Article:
A clever counting book and fable unlike any other and winner of the 2011 Governor General's Award for Illustration. Ten birds are trying to figure out how to get to the other side of the river. The bird they call “Brilliant” devises a pair of stilts. The bird they call “Highly Satisfactory” engineers a raft. One by one, nine resourceful birds make the crossing until a single bird is left behind – the one they call “Needs Improvement.” This bird’s solution proves surprising – and absurdly simple. More than a counting book, Ten Birds is a witty story that highlights ingenuity, common sense and the inadequacies of labels. Cybèle Young’s intricate chiaroscuro pen-and-ink drawings depict a rich alternative world that both children and adults will marvel over.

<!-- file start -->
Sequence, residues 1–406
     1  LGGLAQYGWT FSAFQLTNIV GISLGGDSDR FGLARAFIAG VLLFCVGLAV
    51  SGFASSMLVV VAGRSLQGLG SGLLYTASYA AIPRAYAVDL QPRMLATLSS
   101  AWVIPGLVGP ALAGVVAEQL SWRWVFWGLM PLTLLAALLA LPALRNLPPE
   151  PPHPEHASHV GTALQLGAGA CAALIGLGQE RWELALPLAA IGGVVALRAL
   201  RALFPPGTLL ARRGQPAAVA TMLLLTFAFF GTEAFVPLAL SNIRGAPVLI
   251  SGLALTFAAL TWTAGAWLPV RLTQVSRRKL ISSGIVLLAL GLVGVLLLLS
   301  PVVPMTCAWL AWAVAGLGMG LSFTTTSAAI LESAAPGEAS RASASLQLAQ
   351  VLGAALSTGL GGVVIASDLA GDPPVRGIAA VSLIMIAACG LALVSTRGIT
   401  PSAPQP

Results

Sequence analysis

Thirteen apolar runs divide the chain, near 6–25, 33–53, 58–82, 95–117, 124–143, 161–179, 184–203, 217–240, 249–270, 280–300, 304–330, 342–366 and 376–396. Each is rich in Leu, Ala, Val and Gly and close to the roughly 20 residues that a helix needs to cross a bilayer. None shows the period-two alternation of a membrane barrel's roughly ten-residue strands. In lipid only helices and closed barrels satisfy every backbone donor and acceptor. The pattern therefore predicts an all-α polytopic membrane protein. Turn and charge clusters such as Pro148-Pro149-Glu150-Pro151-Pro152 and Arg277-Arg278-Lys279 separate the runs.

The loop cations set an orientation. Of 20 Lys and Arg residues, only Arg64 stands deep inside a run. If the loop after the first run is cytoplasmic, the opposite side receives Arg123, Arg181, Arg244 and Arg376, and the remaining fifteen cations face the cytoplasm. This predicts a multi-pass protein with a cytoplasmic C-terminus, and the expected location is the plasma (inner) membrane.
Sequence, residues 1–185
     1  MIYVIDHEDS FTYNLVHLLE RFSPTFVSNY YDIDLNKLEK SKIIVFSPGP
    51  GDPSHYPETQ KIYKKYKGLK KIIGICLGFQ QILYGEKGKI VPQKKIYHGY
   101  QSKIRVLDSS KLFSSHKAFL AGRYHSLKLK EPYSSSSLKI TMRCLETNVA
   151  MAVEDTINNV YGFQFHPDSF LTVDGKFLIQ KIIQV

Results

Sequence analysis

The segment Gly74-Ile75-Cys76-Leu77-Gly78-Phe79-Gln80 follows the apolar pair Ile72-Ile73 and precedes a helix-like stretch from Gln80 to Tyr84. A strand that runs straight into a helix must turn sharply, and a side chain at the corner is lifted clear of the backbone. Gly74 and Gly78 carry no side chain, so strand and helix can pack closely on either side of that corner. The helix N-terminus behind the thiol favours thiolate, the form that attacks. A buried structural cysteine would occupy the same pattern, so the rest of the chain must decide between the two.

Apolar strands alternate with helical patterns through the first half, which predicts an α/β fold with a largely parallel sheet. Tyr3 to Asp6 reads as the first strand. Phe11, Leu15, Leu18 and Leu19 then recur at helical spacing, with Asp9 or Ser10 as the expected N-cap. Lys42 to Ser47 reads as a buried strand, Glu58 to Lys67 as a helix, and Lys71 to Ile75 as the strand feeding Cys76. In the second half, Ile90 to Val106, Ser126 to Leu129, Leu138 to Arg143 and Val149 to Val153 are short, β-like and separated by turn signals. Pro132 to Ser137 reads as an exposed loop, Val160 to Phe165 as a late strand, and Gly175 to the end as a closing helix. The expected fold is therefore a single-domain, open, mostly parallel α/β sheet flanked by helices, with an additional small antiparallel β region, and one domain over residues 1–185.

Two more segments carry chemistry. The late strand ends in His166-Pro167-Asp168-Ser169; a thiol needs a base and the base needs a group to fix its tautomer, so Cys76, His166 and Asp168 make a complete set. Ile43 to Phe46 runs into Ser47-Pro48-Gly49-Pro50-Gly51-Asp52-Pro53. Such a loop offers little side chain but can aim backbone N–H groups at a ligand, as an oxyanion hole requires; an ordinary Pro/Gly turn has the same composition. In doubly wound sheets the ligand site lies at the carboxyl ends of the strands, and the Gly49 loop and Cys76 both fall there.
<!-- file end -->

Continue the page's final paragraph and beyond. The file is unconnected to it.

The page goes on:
Ten black birds appear on a winter night on a snowy riverbank; they are "trying to figure out how to get to the other side of the river." There's a bridge in plain view, but they appear not to see it. Nine birds use the fantastic arrangements of wood, string, hardware, pulleys, and fans standing on the riverbank to cross the river. The contraptions are shaped like the numbers one through 10; each bird reassembles its contraption into something new. One turns the wooden number "9" into a pair of stilts: "The one they called Brilliant' knew how to cross. Marching, he left NINE behind." The next uses the 8-shaped pair of wheels to build a water-paddled unicycle: "The one they called Quite Advanced' engineered her way." Only the last bird does the obvious thing and plods across the bridge; ironically, his name is "Needs Improvement." Young's (Jack Pine) meticulously drafted pen-and-ink artwork, reminiscent of M.C. Escher, grabs most of the attention, while the message about the clearest solution being the best one is somewhat blunted by the wonderfully creative and complex alternatives she invents. All ages.